Recent initiatives give me cause for hope. One is the Viral Stories project convened by Living Positive Victoria and led by my colleague Beau Newham. This initiative offers training to people with HIV of all ages to tell their stories — not just about HIV but about any aspect of their lives. The end product will be a story-telling night open to the public. It will challenge audience members to overcome their own fixed and frozen stereotypes of positive people and HIV lived experience. The initiative builds on smaller public story-telling circles, also facilitated by Living Positive Victoria, that allowed people with HIV to share their experiences with a diverse and supportive audience composed of other PLHIV. I have also been heartened by the strong audience response to events like Beyond Resilience and Finding Joy — webinars that emphasised personal interviews and story-telling as a way to connect with others around diverse lived experiences.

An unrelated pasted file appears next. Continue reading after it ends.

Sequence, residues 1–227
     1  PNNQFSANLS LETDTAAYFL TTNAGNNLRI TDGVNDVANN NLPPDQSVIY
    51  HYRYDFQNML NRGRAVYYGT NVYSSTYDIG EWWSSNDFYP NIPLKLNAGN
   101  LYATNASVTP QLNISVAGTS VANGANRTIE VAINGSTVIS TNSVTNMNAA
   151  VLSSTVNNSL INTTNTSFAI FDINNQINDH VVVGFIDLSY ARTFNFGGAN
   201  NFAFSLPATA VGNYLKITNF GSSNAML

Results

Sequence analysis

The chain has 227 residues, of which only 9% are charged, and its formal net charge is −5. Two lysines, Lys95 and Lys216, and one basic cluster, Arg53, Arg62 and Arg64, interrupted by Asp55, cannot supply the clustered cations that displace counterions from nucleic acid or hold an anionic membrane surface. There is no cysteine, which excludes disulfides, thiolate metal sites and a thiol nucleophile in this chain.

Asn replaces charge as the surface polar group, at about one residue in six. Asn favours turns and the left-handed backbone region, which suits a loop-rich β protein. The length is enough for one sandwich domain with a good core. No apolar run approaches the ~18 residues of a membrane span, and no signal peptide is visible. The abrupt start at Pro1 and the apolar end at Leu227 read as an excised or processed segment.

For years we have done a great job telling the story of HIV through Positive Speakers Bureaus to the general public. The time has come to build that connection between meaning and belonging — telling our own stories to our own communities of people living with and affected by HIV.

The Meaningful Involvement of People with HIV in Research

Positive people have a long history of involvement in research. Indeed, we wouldn’t be where we are today without the positive people that came before us, who participated in research even though they were sick, even though they often knew that research would not benefit them personally.

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Last year, HIV Futures 10 was released and heralded that smoking rates among its participants had dropped dramatically. While over 50% of the total sample were daily smokers in the early 2000s, the study showed that today only 20.8% of people with HIV report they are tobacco smokers.